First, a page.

Testing With Load

Testing with behaviors is great, as I have mentioned in prior posts, and unit testing is great for making sure your code does what you think it does. With those two forms of testing we cover all our bases for web api development testing, right?

No. Web api development must be tested at scale, under load, because under those conditions strange issues start cropping up. Where I work we are experimenting with different load testing frameworks, and I believe we have settled on locust for our load testing needs.

Locust is neat, because with minimal python (example below stolen from locust) you can have a fully functional load test on your application:

from locust import HttpLocust, TaskSet, task

class WebsiteTasks(TaskSet):
    def on_start(self):
        self.client.post("/login", {
            "username": "test_user",
            "password": ""
    def index(self):
    def about(self):

class WebsiteUser(HttpLocust):
    task_set = WebsiteTasks
    min_wait = 5000
    max_wait = 15000

Back to what I wanted to talk about in this post. We were performing load tests yesterday, when all of a sudden we saw a HUGE number of new connections being made to our redis elasticache instance. This was very strange as we were using a well known redis library redigo, moreover we were using the redigo.RedisPool which to my knowledge was supposed to perform connection pooling, thereby only providing a certain number of connections to a redis server.


We were using redigo by consequence of using negroni-sessions which uses boj/redisstore. So right off the bat I can already tell we are too many layers deep in this redis abstraction. Here is, at a high level, the flow:

  1. Request Comes In
  2. Negroni ServeHTTP is called
  3. Negroni Calls negroni sessions
  4. Negroni Sessions provides a wrapper around Gorilla Sessions
  5. Gorilla Sessions uses a plugable Storage Backend
  6. Gorilla Sessions calls boj/redistore
  7. Redistore wraps garyburd/redigo for persisting the session

As seen, this is a complicated flow for merely setting a cookie, and persisting said cookie value in a Key/Value Store. Anyways, back to the beginning, it appeared that there was no connection pooling to redis. Here is a sample of how we were initiating negroni-sessions:

	store, _ := redistore.New(3, "tcp", "server:6379", "secretpass", nil)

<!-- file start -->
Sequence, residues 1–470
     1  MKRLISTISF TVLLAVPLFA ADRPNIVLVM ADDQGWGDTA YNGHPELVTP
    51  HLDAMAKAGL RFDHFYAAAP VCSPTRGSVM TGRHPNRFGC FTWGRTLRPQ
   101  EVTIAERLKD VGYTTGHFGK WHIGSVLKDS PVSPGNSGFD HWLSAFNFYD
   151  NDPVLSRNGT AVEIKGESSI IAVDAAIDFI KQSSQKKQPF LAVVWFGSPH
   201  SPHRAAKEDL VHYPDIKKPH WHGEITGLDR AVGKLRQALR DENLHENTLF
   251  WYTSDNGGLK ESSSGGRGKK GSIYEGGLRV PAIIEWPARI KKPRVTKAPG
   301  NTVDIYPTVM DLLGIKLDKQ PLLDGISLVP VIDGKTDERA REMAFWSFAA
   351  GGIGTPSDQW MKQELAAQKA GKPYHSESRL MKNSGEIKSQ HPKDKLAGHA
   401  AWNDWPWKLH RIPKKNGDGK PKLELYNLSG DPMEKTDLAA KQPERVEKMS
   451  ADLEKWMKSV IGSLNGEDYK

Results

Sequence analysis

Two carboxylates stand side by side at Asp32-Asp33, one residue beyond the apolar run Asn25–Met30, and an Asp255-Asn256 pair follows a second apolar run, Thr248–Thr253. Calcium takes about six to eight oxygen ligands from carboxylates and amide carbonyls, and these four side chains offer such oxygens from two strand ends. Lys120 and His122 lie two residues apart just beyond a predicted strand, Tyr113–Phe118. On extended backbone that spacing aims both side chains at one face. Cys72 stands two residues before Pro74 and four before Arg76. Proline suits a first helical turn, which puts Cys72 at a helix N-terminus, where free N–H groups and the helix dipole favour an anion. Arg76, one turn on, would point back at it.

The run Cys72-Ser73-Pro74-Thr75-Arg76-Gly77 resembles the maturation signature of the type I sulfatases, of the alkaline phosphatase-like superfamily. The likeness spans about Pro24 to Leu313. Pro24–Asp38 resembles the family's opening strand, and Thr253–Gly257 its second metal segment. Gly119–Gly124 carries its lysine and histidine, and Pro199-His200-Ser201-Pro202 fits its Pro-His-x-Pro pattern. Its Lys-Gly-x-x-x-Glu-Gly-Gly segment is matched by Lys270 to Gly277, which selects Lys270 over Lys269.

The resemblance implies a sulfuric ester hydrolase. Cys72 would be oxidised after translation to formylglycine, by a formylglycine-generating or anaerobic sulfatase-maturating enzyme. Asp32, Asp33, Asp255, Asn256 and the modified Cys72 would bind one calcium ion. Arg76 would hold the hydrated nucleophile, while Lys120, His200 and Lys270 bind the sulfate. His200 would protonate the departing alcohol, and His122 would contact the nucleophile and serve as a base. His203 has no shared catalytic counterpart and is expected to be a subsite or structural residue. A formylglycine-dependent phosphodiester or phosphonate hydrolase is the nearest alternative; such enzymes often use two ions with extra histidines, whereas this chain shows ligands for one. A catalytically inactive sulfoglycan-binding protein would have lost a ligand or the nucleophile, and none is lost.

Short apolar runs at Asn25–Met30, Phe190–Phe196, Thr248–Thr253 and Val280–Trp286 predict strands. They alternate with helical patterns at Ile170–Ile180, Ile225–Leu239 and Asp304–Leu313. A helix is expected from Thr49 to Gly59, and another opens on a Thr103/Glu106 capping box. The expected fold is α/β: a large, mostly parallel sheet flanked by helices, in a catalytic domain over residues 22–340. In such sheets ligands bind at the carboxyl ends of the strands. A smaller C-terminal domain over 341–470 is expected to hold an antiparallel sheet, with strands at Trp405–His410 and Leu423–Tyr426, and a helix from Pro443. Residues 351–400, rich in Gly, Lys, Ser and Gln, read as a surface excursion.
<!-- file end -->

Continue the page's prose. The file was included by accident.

n.Use(sessions.Sessions("my_session", store))

Looking into negroni-sessions you can see that this basically creates a new boj/redistore.Redistore structure. Looking in boj/redistore which contains a garyburd/redis.Pool instance.

A few thoughts on everything so far:

  • There is a lot of abstraction for the sake of abstraction in this flow
  • There are a lot of hidden assumptions that get lost along the way,
    • Looking at RedisPool in redigo, Pool does a lot of stuff and has a lot of options, that are hidden in our app.
    • We don’t have fine grained control over many options
    • Make the zero value useful
  • Interfaces describe behaviors, Structs describe state
    • redigo would be much more powerful (and mockable) if Pool was an Interface instead of a struct.

This is all great, but we are obviously creating a redis.Pool, and yet we are seeing just about one new connection for every api call we make to redis. Looking closer at the pooling implementation specifically this block:

	// Dial new connection if under limit.

	if p.MaxActive == 0 || p.active < p.MaxActive {
		dial := p.Dial
		p.active += 1
		c, err := dial()
		if err != nil {
			c = nil
		return c, err

It is fairly obvious at this point, no where in my sessions journey was anyone setting a realistic default value for Pool.MaxActive, and since it is an int in go, we default to 0. The above implementation for getting connections is saying if there is no MaxActive, just go ahead and create a new connection if all other idle connections are busy…. Since we are running a pair of webservers under load it was fairly easy to overrun our MaxIdle connections and require new connections to be setup, and reaped basically as we go. I believe there is some tuning we could do with MaxIdle to not have to reap basically every connection we make also.

This really flies in the face of Rob Pike’s go-proverbs specifically “Making the zero value useful.” In my opinion standard operations of a connection “pool” should default to a sane MaxActive connection limit, as opposed to defaulting to infinity. This doesn’t even resemble a pool under load at this point because blocking connections are immediately reaped after the connection within the pool is “closed” releasing that connection back to the pool..

Moreover, in reviewing redigo, there is a lot of synchronization, with mutexes that would be better suited using goroutines and channels. Specifically going against “Channels orchestrate; mutexes serialize.” and “Don’t communicate by sharing memory, share memory by communicating.”